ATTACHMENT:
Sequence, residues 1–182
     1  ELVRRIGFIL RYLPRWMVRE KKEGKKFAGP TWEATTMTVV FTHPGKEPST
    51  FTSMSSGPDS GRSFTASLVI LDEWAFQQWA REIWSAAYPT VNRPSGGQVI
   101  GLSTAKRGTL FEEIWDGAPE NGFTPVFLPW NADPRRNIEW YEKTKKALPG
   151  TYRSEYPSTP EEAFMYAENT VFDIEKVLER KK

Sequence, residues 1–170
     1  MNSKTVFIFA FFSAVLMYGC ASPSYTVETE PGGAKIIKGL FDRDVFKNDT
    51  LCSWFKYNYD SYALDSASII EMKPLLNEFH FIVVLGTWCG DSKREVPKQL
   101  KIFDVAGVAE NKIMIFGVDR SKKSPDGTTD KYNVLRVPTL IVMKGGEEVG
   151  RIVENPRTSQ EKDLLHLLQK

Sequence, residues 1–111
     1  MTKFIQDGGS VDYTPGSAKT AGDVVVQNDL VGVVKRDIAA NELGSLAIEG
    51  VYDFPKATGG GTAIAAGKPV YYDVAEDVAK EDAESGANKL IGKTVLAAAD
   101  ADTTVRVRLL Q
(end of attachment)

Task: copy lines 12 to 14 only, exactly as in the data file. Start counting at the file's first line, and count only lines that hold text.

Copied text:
     1  MTKFIQDGGS VDYTPGSAKT AGDVVVQNDL VGVVKRDIAA NELGSLAIEG
    51  VYDFPKATGG GTAIAAGKPV YYDVAEDVAK EDAESGANKL IGKTVLAAAD
   101  ADTTVRVRLL Q